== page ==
While credit card ownership remains relatively flat, user demographics are changing as young adults return to credit card use. Over half of young adult in the U.S. now use credit cards, especially the 25-34 year olds, who now are as likely as average to do so.
A new report from Boston-based Mercator Advisory Group also found young adults are now more likely than average to use co-branded credit cards, yet they are also more likely than average to keep the credit cards issued by their primary financial institution (FI) “top of wallet”: 64% of young adult credit cardholders report that they use their credit card issued by their primary financial institution most often. Smartphone owners (52%) and those who also own tablets (57%), especially those who have paid for goods and services by mobile phone (78%) are more likely than average to use the credit card issued by their primary FI most often.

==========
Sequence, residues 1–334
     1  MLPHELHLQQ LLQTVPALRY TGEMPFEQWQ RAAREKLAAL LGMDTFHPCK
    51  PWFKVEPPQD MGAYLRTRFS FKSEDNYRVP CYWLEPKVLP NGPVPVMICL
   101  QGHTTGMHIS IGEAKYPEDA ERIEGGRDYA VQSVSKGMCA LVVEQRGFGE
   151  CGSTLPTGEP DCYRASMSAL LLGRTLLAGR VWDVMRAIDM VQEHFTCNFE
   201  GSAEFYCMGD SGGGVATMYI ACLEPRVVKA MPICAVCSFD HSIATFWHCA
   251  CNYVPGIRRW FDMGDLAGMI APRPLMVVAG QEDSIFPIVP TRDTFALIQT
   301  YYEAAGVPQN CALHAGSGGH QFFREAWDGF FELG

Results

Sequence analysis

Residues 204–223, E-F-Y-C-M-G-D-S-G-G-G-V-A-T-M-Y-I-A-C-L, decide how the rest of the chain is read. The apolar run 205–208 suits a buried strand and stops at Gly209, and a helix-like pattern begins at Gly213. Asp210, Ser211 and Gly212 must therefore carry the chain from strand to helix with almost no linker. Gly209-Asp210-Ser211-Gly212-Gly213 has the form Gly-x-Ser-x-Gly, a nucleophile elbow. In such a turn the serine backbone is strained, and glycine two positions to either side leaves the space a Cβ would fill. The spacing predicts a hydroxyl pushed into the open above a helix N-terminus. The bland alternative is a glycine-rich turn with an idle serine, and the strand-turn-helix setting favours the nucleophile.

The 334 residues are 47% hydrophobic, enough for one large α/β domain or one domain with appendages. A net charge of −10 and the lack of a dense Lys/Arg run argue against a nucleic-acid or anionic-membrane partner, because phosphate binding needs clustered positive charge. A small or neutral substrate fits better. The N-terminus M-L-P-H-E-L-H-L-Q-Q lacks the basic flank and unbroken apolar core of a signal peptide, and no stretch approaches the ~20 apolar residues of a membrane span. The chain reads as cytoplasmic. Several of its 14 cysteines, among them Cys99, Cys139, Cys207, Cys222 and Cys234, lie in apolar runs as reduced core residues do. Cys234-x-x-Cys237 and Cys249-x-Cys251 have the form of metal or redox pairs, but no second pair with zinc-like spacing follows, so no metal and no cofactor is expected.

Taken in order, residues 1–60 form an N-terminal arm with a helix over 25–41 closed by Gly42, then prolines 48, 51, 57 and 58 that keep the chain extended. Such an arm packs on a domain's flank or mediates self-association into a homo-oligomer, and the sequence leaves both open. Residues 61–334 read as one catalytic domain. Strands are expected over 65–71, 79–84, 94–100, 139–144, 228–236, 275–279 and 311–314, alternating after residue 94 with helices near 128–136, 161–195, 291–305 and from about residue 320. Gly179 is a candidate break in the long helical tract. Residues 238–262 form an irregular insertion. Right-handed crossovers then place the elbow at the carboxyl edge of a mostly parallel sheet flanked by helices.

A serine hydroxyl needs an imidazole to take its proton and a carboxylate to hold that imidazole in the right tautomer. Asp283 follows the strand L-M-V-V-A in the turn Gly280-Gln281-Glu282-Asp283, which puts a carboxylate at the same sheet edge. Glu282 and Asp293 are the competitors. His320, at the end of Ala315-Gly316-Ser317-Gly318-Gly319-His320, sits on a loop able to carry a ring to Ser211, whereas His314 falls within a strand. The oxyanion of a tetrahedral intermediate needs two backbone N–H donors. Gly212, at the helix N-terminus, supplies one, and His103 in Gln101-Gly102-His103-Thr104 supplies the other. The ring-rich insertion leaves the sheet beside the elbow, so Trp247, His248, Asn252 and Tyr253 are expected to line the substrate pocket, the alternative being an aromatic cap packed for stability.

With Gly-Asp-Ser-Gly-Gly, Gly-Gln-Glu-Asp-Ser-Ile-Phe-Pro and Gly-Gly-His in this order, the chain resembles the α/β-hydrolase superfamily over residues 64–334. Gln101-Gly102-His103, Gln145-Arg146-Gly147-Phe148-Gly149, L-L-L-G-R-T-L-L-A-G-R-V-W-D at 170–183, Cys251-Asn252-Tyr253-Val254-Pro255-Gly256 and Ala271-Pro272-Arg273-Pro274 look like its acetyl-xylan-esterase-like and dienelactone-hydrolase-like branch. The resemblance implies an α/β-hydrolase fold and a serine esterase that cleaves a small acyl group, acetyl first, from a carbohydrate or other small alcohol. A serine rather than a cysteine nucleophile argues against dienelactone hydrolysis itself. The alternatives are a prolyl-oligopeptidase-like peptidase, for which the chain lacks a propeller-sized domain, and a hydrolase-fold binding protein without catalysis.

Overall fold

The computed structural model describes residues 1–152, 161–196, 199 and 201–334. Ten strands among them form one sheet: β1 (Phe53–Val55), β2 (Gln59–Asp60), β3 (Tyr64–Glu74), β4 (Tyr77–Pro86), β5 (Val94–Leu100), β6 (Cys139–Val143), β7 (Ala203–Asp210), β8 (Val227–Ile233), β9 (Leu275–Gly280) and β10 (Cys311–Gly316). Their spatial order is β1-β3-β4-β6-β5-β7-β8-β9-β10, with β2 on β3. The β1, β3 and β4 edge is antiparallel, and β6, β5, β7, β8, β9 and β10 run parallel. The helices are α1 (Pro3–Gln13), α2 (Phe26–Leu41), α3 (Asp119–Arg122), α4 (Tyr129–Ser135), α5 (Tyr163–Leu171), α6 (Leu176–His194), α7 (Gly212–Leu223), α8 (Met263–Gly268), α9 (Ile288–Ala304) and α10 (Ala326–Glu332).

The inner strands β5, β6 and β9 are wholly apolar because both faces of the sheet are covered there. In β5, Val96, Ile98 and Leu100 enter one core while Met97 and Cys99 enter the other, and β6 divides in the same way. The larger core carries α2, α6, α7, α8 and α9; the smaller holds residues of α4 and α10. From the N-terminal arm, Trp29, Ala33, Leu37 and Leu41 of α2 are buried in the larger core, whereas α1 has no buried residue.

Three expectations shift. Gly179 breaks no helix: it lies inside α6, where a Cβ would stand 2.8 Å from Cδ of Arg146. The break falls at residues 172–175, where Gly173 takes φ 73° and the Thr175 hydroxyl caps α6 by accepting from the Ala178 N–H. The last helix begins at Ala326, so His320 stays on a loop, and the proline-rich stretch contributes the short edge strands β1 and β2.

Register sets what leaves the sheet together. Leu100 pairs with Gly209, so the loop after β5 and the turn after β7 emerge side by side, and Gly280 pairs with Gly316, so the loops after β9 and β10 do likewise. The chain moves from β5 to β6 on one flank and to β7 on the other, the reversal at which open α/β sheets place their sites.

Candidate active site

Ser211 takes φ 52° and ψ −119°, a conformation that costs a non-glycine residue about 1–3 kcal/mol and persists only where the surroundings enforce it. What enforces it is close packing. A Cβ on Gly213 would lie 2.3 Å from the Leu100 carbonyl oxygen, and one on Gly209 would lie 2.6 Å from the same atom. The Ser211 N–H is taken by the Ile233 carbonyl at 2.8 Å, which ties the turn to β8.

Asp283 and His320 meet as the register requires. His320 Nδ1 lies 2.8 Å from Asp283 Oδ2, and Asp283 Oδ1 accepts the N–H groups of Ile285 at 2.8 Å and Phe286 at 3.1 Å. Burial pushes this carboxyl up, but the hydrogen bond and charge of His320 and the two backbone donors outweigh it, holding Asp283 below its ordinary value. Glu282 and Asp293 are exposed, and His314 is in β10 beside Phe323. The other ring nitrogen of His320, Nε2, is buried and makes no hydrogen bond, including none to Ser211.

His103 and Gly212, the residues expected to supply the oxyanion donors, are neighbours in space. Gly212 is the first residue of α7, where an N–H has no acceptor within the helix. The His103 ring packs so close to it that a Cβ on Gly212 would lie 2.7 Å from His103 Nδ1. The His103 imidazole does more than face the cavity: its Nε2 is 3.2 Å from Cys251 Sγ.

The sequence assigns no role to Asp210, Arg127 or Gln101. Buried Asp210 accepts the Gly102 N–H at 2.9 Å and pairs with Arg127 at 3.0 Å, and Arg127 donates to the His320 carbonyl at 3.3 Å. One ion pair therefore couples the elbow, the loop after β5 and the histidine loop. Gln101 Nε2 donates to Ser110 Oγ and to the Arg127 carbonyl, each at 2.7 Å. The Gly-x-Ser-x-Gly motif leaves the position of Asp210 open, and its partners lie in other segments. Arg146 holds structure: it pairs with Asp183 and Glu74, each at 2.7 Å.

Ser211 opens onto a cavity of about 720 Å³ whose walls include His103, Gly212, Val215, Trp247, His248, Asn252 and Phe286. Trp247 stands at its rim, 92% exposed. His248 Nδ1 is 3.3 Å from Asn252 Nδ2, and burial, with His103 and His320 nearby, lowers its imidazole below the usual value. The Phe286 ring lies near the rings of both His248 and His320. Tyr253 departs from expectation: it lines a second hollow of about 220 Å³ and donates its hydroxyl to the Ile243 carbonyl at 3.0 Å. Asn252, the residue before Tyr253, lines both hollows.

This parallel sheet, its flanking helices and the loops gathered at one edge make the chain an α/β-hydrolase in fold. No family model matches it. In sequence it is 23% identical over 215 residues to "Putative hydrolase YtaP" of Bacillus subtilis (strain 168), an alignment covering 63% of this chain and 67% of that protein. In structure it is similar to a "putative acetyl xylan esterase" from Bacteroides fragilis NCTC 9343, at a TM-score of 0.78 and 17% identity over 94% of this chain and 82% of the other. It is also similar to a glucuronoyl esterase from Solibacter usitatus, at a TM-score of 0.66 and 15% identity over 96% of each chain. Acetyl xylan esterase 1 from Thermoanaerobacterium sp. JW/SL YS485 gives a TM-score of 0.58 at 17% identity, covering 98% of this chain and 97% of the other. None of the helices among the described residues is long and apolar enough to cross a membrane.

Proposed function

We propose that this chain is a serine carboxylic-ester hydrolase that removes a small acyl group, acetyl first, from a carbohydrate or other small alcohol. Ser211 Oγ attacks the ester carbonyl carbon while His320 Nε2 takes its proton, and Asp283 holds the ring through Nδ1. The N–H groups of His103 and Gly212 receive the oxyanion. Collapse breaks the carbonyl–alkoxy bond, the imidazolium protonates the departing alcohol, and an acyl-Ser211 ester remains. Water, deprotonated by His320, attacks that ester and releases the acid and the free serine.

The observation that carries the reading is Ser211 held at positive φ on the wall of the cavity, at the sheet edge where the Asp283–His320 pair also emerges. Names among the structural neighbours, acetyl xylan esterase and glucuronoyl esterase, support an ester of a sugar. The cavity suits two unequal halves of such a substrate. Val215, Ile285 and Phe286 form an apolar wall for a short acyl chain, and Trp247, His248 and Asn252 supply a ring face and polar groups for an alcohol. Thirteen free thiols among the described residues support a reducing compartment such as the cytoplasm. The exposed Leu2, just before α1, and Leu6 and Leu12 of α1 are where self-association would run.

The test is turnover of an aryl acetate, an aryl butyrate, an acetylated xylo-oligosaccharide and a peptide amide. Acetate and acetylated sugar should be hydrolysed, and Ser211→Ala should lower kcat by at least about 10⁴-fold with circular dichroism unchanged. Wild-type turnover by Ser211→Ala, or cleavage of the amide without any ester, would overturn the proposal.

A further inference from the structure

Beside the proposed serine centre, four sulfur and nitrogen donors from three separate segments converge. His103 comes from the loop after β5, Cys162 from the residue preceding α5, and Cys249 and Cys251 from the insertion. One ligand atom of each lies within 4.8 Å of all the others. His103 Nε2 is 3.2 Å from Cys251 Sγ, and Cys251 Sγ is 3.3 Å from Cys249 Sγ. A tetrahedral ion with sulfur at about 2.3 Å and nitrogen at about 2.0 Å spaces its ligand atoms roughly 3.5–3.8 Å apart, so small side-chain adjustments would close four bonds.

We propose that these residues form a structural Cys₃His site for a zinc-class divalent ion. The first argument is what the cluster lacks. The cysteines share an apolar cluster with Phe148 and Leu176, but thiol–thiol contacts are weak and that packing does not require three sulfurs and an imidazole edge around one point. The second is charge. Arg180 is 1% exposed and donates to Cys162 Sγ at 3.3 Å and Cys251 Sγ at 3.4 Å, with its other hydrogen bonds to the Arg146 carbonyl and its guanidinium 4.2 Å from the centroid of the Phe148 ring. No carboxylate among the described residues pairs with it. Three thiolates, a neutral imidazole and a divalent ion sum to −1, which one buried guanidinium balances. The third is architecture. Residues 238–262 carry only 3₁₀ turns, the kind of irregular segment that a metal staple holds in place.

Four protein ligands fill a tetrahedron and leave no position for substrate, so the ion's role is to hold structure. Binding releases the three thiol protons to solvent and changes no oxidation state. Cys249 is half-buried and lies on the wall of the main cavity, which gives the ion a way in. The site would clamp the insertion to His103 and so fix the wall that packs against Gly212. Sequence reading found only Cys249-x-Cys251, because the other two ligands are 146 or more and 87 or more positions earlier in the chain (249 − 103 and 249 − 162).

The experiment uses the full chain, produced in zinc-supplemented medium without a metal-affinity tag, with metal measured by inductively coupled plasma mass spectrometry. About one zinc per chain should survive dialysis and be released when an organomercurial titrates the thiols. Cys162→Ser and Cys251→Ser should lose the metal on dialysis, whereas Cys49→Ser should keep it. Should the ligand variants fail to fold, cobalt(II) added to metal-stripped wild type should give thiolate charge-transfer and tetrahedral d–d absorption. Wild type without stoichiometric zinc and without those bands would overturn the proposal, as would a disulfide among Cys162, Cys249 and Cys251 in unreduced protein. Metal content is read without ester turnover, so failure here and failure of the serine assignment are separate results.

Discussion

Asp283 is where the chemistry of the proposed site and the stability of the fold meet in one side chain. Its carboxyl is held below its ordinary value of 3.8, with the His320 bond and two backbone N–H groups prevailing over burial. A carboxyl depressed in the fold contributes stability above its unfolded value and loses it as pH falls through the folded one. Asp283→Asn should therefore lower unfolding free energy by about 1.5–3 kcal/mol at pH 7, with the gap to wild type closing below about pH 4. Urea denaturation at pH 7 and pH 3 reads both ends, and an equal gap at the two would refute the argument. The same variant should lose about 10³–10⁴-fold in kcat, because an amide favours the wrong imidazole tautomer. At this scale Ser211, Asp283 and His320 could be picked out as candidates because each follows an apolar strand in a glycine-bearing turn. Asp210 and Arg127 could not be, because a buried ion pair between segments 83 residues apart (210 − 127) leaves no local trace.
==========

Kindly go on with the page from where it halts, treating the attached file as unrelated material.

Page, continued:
Additionally, the latest report from Mercator Advisory Group’s Primary Data Service, shows that the new cardholders are especially likely to use co-branded cards to extend their credit. Mercator Advisory Group suggests that higher credit card limits along with lower fees and more valuable reward programs will motivate many to increase spending on their credit cards.
This study examines the demographic shift and changing landscape of credit card use, use of co-branded credit or charge card programs by type, shift of credit card use to other payment types, consumer experience of changing fees, APRs, balances and comfort with borrowing on their credit cards and motivators to increase borrowing and credit card spending, application channels used for general purpose credit cards and store credit cards and consumers notice of and reaction to merchant rules for credit card use and interest in mobile-based account controls.
Mercator further notes credit card user demographics are changing and new cardholders, who appear to be predisposed to keeping their primary financial institution’s credit card at top of wallet, are demanding new tools, more valuable rewards, and higher credit limits to stimulate their use.
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